Vol 2 No 7 (2015)
  • Daniel Micallef, Jason Attard, Charles Mallia Azzopardi, Michael John Boffa

    We present the case of a 33-year-old lady who was diagnosed with disseminated Kaposi’s sarcoma and HIV infection. The patient improved on highly active antiretroviral therapy (HAART), however, nine days into treatment, she became febrile and dyspnoeic and developed tender cervical and axillary lymphadenopathy. Despite treatment for suspected sepsis and immune reconstitution, she died in intensive care. Lymph node biopsies revealed coexistent Castleman’s disease and Kaposi’s sarcoma.

    Initiation of HAART can be rarely associated with unmasking and rapid progression of Castleman’s disease, a phenomenon called immune reconstitution. Urgent investigation and treatment with agents such as steroids and cytotoxic drugs can be life-saving.

  • Inês Chora, Rodrigo Pimentel, Fernando Friões, Paula Dias, Sérgio Silva

    The authors present the case of a 65-year-old Caucasian man who had previously lived in Guinea-Bissau. The patient was diagnosed in Portugal with an anti-neutrophil cytoplasmic antibody-associated vasculitis and started on corticosteroids plus cyclophosphamide, with clinical improvement. Some months later, his general status deteriorated, iatrogenic bicytopenia developed and immunosuppressive drugs were tapered. Microbiological tests identified numerous larvae and eggs of Strongyloides stercoralis in various biological samples, and a diagnosis of hyperinfection syndrome was established. The patient was started on antihelminthic drugs but developed septic shock and died. This case highlights a rare and severe complication of immunosuppression in developed countries.

  • Dipti Rao, Roeland F. Stolk, Maaike H. de Blauw, Marcel M.C. Hovens, Robert-Jan Hassing

    Scurvy was a common 18th century disease caused by vitamin C deficiency. It presents with multiple non-specific symptoms and can lead to capillary fragility due to impaired collagen synthesis. We report the case of a 63-year-old woman who presented with fatigue, nausea and progressive skin lesions consisting of multiple ecchymoses on the legs as also described in the diary drawings of a navy doctor in the 19th century. The ascorbic acid level was undetectable low in the patient’s serum. However, treatment with 500 mg ascorbic acid daily dramatically improved the skin lesions within 5 days.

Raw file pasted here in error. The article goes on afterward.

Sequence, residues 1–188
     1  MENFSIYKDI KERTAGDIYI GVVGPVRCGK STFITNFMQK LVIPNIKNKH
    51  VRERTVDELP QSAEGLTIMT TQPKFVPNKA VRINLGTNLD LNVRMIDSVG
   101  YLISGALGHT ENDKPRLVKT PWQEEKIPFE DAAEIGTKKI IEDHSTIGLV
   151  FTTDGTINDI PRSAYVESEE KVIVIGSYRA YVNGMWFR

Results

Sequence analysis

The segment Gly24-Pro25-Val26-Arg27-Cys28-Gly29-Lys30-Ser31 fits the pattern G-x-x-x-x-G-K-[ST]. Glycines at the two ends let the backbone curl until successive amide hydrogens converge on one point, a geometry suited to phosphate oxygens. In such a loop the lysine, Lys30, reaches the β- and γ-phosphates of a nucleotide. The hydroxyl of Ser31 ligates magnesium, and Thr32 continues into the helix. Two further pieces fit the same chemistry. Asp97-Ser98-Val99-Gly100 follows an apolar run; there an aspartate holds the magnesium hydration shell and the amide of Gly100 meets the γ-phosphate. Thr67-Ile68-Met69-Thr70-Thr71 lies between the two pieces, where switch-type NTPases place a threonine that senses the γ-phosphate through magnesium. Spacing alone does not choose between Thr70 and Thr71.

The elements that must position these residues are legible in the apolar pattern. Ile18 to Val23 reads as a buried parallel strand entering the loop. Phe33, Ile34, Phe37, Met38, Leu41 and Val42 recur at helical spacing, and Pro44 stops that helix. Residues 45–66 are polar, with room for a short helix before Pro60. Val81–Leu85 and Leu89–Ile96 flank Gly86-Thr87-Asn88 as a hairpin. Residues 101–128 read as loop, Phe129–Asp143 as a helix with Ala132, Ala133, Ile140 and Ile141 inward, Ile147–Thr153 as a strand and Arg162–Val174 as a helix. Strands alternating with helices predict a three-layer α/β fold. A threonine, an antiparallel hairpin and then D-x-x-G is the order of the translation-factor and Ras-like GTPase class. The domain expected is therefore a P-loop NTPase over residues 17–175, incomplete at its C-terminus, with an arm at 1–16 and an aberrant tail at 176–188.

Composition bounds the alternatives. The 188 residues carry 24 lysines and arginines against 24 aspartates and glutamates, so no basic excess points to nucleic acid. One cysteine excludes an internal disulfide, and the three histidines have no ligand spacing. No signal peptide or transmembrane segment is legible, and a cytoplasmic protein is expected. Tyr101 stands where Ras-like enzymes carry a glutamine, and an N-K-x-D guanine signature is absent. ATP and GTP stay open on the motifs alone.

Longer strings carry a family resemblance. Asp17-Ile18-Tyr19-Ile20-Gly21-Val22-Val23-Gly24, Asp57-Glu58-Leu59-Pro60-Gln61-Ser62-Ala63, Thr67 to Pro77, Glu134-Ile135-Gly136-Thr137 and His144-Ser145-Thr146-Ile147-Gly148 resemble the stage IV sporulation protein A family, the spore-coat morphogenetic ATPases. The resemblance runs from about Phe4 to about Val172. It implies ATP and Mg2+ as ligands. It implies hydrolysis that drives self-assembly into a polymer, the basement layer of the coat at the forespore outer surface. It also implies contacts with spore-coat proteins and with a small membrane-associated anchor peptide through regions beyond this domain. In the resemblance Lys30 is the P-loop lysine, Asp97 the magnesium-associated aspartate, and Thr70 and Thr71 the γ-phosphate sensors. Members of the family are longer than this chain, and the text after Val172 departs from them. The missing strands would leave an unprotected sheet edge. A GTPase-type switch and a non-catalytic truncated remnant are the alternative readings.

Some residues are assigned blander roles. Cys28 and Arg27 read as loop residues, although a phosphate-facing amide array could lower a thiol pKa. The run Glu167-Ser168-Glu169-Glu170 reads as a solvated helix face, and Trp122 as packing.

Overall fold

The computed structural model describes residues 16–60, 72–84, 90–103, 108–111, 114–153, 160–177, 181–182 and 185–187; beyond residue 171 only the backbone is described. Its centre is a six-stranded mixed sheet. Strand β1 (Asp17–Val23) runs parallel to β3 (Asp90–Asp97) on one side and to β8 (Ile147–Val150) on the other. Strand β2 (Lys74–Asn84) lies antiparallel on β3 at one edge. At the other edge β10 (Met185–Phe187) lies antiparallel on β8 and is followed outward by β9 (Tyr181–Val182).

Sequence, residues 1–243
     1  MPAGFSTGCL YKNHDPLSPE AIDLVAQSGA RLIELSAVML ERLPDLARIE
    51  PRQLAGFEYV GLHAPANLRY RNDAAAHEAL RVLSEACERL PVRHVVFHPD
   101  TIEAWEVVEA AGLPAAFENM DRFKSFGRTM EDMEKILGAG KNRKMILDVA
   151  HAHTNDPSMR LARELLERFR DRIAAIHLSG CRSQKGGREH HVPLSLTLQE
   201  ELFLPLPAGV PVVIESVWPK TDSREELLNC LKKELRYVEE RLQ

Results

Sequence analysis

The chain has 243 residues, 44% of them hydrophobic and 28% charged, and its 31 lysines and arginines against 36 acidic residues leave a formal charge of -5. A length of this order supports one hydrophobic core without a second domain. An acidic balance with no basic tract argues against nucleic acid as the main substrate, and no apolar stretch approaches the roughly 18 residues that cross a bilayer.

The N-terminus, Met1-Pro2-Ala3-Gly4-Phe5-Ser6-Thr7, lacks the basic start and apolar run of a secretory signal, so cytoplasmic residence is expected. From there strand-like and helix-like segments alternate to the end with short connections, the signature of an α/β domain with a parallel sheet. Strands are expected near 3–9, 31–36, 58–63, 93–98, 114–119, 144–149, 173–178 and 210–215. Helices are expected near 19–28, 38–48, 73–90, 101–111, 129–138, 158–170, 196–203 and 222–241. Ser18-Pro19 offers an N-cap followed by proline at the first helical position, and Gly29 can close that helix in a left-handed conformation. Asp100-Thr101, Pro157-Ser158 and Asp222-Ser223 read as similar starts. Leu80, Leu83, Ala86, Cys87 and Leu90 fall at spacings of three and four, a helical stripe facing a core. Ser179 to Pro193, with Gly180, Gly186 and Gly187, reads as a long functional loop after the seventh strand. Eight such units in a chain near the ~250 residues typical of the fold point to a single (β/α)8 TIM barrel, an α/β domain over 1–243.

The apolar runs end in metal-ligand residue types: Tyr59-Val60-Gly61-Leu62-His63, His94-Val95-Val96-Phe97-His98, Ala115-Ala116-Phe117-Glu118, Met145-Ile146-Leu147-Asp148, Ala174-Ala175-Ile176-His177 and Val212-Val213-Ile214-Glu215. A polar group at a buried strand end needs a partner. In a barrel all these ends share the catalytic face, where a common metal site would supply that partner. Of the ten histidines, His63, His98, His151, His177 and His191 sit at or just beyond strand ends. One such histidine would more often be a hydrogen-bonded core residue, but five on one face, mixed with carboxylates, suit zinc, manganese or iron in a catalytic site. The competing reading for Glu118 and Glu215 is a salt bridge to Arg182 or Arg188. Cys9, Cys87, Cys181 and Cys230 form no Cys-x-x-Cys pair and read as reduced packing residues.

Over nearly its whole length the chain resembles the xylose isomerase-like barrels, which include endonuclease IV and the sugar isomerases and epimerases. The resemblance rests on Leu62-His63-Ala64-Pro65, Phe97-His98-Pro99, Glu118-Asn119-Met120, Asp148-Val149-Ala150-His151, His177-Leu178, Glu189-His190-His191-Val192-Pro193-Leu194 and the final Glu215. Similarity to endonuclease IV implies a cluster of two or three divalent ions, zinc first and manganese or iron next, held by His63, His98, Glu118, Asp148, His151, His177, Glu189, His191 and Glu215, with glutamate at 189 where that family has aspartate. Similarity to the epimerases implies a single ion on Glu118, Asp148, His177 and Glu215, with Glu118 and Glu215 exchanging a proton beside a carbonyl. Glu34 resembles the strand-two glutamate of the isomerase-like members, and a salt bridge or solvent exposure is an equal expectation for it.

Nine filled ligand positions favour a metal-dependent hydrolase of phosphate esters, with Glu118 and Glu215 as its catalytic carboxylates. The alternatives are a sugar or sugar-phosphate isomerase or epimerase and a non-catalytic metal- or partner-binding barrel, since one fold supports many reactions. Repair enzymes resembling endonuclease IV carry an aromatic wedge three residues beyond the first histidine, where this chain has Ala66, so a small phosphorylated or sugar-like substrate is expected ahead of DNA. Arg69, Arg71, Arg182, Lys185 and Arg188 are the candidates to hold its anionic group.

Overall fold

• Sarah Damanti, Francesca Rosini, Daniela Mari, Maura Marcucci

    We report a case of acute facial oedema in an elderly hospitalized patient which was initially misdiagnosed as angioedema secondary to antibiotics in a patient with an allergic diathesis.

    We describe the differential aetiologies and then the true cause of the oedema, which was an uncommon complication of a very common condition in the elderly: a pneumomediastinum with subcutaneous emphysema probably due to rupture of an emphysematous lung bulla during chronic obstructive pulmonary disease (COPD) exacerbation. Lastly, we focus on the therapeutic procedures instituted for the treatment of the pneumomediastinum.

  • Diana Marques Ferreira, Patrícia Afonso Mendes, António Aragão, Manuel Teixeira Veríssimo, Armando Carvalho

    Anti-signal recognition particle (SRP) myopathy is a rare idiopathic inflammatory myositis that usually affects middle-age women, and is characterized by rapidly progressive proximal and symmetrical muscle weakness, elevated creatine kinase levels, severe necrotizing immune-mediated myopathy, presence of anti-SRP autoantibodies and poor response to steroid therapy. We report a geriatric case of a previously independent patient, presenting with slow onset of proximal paraparesis, myalgia and severe gait impairment. The patient was treated with steroid and azathioprine, with laboratory and pain response but modest muscle strength improvement. The clinical presentation of this unusual patient was atypical, which hampered the correct diagnosis.

  • Rafael Mahieu, Christian Lavigne, Geoffrey Urbanski, Isabelle Fouchard Hubert, Alexandra Ducancelle, Françoise Lunel-Fabiani

    Numerous extrahepatic manifestations have been reported in hepatitis C virus (HCV) infection, particularly mixed cryoglobulinemia (MC). MC generally responds to clearance of HCV under pegylated-interferon plus ribavirin treatment. New direct-acting antiviral agents have been licensed for HCV under different combinations but have not been studied in severe forms of MC. Here, we present a case report describing a life-threatening form of MC with multivisceral involvement, which was successfully treated with concomitant rituximab, sofosbuvir and simeprevir. In light of the rapid clinical remission associated with sustained virological response and the excellent side-effect profile, this treatment should be considered as a first-line therapy in severe forms of MC.